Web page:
“The people who came to these places 40 years ago came with a different purpose than people now,” Loznitsa told The New York Times last year. “Now people don’t remember, and sometimes I think they don’t even understand where they are and what the places are about.”
The film takes its title from German writer W.G. Sebald’s final novel, “Austerlitz,” about an eponymous academic whose parents were killed in the Holocaust. The protagonist visits the Theresienstadt camp in the Czech Republic to learn more about his parents’ deaths, ruminating there on memory and history. Loznitsa has said his documentary is a “variation” on the novel. (The filmmaker was traveling this week and declined a request for an interview.)
The only dialogue comes in a few scenes involving tour guides — in the first, about 25 minutes in, a Spanish-speaking guide at Sachsenhausen begins to tell a group of tourists about the camp’s prison-within-a-prison system used to interrogate Jews.
But shortly after he starts his talk, a group of English-speaking tourists crowds the screen, obscuring the Spanish group. A British voice overlaps with the Spanish one. As the English group grows, one young woman balances a water bottle on her head. Eventually the Spanish group disappears almost entirely from view — shrouded by the nonchalant, English-speaking crowd — even though the viewer continues to hear parts of the guide’s talk.
The scene represents what could be seen as Loznitsa’s powerful thesis: It’s easy to be swallowed up by the tourist experience and forget to engage with the significance of a place — even at sites that commemorate one of history’s most horrid tragedies.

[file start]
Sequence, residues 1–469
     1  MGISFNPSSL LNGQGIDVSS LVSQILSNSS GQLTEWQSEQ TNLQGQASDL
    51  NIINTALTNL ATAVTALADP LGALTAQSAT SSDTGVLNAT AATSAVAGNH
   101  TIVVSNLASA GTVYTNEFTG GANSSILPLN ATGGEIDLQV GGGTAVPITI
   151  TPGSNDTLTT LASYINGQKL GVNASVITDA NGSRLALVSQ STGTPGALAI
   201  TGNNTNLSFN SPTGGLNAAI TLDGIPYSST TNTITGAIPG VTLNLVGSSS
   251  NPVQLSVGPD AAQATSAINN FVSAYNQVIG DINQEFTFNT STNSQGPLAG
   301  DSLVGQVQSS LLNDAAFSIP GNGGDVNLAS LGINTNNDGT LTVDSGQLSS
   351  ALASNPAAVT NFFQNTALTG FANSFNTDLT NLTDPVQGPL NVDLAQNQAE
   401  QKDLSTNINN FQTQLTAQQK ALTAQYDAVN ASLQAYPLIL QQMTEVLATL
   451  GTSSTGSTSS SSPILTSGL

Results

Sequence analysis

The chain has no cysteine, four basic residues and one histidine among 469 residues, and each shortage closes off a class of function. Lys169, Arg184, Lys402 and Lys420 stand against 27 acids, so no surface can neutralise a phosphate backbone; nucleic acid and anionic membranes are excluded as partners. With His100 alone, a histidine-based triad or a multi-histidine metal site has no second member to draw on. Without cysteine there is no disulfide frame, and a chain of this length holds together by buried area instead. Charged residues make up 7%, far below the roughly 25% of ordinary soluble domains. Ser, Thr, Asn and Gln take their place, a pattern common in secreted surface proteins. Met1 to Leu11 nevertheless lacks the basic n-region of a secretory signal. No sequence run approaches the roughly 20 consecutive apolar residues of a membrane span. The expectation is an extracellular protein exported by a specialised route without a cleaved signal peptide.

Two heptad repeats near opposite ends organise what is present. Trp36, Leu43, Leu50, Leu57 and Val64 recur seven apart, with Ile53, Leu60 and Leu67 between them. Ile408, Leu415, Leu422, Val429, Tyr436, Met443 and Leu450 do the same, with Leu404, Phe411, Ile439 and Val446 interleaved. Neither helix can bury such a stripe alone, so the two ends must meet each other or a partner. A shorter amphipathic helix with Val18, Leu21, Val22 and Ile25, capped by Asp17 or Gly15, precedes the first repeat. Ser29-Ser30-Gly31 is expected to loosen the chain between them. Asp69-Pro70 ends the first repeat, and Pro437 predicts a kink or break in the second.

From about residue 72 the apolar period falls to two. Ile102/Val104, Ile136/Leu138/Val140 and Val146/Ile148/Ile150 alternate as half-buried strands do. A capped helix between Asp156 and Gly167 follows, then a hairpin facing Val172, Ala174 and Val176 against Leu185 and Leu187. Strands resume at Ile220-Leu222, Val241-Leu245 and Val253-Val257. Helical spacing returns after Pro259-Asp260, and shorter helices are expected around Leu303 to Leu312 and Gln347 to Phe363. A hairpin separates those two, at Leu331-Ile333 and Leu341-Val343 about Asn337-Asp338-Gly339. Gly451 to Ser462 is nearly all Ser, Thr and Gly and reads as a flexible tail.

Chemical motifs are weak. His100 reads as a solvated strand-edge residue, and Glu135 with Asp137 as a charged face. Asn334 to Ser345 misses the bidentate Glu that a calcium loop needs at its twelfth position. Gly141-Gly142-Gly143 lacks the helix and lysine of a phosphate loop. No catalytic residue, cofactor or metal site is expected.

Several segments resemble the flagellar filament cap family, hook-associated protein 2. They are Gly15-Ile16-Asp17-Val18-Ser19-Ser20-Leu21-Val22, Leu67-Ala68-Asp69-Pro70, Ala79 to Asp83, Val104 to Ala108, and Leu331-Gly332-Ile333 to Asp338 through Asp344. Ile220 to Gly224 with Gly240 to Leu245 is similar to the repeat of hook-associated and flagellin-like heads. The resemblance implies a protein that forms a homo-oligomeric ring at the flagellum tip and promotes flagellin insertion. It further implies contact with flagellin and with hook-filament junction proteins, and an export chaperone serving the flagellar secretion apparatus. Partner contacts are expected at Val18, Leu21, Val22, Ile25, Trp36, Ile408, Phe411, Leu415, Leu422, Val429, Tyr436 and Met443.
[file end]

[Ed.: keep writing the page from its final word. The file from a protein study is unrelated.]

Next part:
Still, none of the tourists captured by Loznitsa’s cameras are blatantly disrespectful. Nonchalant, yes, and somewhat self-absorbed in the 21st-century way. There are plenty of selfies in “Austerlitz” (including one particularly funny one involving an overweight man slowly rotating a selfie stick); even a man wearing a kippah happily poses for photos in front of the “Arbeit Macht Frei” gate.
By the end of “Austerlitz,” most viewers will likely feel conflicted about how to judge these unwitting tourists. After all, is it fair to judge someone by how they are captured on camera for a few minutes? And shouldn’t Jews be encouraged by the fact that Holocaust sites continue to draw record crowds? Doesn’t that signal increased interest in learning about Holocaust history?
Loznitsa’s point, however, is not about individual tourists — whether they choose to take a silly selfie or reflect deeply throughout their visit. The message, he has said, is that visiting a concentration camp should not be presented like any other mundane tourist experience.
“I think it must be like a church,” he told The Times. “If you want to pray for the souls of all the people who are in the ground in this place, then come.”